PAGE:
insurance brokers upgrade

It’s a sad fact that the majority of insurance brokers are still using technology from the 20th century, and as a result, they are taking significant risks with their companies.

Many people may have just about figured out how to use IT-based accounting systems, email, and online submission of compliance paperwork. However, they frequently fall short when it comes to employing technology to assist offer real business benefits, such as increasing customer loyalty and satisfaction or maintaining regulatory compliance. Other financial services organisations, after a slow start, are adopting digital technology to help them work smarter, which stands in stark contrast to this. These can include insurance companies offering profitable new products based on data analysis and “pay-per-use” models, to challenger banks tailoring their services based on their understanding of specific clients’ demands.

And if insurance brokers don’t quickly catch up to them in their transition into the 21st century, some of them may eventually go out of business, especially when it comes to adopting technology to organise and analyse their data.

Becoming irrelevant to your clients

One of the greatest benefits that brokers provide is the ability to deliver a bespoke service tailored to individual needs, based on a thorough understanding of clients – particularly when the insurance required is not a straightforward “off the peg” product. This is especially true in the face of growing competition from online comparison sites. In the past, you might have communicated with clients in-person or over the phone, and you presumably still do. However, as your new prospects age and become more likely to manage their lives and enterprises online, it gets harder to bring in new clients the old ways, and “broker disintermediation” (or, to put it another way, irrelevance) becomes a more likely possibility.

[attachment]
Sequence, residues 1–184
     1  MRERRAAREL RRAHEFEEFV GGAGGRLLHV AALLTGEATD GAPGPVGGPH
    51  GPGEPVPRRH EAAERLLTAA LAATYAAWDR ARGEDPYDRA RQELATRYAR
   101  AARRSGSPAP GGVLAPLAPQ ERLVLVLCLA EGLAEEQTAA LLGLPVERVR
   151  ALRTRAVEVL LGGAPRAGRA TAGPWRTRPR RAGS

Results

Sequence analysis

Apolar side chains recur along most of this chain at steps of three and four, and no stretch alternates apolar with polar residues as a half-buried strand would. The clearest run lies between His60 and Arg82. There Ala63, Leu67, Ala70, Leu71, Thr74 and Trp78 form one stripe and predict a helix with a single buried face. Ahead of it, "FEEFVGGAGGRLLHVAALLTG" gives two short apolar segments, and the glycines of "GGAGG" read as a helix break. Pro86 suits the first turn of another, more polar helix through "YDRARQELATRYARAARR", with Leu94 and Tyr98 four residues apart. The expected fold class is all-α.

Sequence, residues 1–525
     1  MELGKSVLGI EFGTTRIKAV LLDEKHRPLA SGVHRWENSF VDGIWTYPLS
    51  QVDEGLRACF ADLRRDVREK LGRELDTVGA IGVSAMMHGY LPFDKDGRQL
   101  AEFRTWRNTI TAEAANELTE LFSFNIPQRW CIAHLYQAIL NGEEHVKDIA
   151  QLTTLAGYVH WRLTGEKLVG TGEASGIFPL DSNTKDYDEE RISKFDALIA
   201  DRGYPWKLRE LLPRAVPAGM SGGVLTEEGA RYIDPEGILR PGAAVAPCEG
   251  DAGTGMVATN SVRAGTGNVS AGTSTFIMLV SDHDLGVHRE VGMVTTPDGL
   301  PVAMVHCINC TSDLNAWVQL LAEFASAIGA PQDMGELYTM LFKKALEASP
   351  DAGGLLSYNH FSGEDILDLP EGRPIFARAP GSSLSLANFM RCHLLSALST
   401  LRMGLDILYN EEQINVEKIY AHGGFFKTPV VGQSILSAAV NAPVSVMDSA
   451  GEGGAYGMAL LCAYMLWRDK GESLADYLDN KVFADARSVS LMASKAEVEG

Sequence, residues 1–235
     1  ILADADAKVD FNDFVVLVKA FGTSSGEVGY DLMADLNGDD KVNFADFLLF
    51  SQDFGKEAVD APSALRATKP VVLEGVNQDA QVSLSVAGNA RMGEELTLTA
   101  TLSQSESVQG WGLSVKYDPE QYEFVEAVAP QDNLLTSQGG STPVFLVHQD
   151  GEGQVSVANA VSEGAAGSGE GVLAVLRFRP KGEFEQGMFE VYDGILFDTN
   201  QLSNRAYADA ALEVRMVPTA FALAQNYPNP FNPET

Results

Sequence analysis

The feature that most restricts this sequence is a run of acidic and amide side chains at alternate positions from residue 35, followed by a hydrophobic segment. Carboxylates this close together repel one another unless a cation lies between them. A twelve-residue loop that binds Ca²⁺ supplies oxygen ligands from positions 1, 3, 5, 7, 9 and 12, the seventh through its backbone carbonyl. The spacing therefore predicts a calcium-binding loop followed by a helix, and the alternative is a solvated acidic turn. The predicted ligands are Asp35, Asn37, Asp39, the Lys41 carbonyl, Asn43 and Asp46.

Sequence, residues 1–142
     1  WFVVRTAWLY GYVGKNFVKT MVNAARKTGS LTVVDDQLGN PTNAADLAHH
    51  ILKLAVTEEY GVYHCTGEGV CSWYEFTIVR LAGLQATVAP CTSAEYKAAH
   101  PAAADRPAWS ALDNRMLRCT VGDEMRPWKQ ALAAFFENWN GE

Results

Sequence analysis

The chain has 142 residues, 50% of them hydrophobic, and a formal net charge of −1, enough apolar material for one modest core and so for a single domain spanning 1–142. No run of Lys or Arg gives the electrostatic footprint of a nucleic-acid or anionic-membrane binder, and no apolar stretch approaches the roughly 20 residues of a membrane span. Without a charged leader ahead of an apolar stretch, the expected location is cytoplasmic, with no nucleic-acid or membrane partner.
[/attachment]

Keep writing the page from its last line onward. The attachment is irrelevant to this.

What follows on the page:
By continuing with your conventional business practises, you can be more and more certain that you’ll lose that in-depth understanding of your clients and that you’ll be perceived as a superfluous – and maybe time-consuming and expensive – roadblock between you and the product they require. 

Making your customers feel unloved

Younger customers entering the market place have higher expectations from the companies they do business with, especially when buying services and especially when paying money for monotonous but necessary expenses, like insurance. Make sure they realise when you approach them that you know absolutely nothing about them. 

Or, you might use an automated marketing system that enables you to stay in touch with your customers after you’ve made a sale, giving them helpful information and customer service. This will allow you to grow loyalty—and high-value repeat business without any need to work on your own. 

Ensuring your data is not GDPR compliant

Breaking the new GDPR guidelines about how you utilise your customer data is one of the best ways to damage your business quickly. By failing to use and secure your data in accordance with the new standards, you run the risk of incurring a significant punishment (up to 4% of your annual revenue), which could have a significant negative impact on your bottom line. Not to mention the severe reputational damages that would result from it, which might particularly impact any word-of-mouth referrals you may have relied on in the past to bring in new business. 

Regardless of the IT system you employ, as long as your data management practises are ethical, you won’t go afoul of the law. In order to know whether you have a legal basis for contact with a specific person or not and what kind of contact you can have, such as just for customer service or perhaps for marketing new products, it is important to keep your marketing lists and records up to date. You should also keep a clear record of the level of contact the client has agreed to. Naturally, you must then adhere to it.

By Anurag Rathod

Anurag Rathod is an Editor of, who is passionate for app-based startup solutions and on-demand business ideas. He believes in spreading tech trends. He is an avid reader and loves thinking out of the box to promote new technologies.